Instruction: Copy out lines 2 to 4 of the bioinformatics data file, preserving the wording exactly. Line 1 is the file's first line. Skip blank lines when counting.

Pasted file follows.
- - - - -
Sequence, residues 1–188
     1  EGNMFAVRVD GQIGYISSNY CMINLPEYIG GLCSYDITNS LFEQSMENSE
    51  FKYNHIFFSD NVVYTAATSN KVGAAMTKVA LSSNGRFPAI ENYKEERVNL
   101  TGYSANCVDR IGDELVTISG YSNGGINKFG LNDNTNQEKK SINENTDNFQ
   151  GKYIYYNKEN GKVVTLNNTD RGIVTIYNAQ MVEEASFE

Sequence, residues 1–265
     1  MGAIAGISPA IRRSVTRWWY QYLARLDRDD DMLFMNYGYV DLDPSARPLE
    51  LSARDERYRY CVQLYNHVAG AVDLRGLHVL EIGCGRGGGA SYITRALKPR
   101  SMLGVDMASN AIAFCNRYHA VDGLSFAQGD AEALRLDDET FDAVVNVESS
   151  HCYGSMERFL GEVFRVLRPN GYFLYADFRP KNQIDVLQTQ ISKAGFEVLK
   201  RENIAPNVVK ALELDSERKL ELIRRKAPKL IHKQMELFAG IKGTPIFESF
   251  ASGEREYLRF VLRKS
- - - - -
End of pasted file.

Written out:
     1  EGNMFAVRVD GQIGYISSNY CMINLPEYIG GLCSYDITNS LFEQSMENSE
    51  FKYNHIFFSD NVVYTAATSN KVGAAMTKVA LSSNGRFPAI ENYKEERVNL
   101  TGYSANCVDR IGDELVTISG YSNGGINKFG LNDNTNQEKK SINENTDNFQ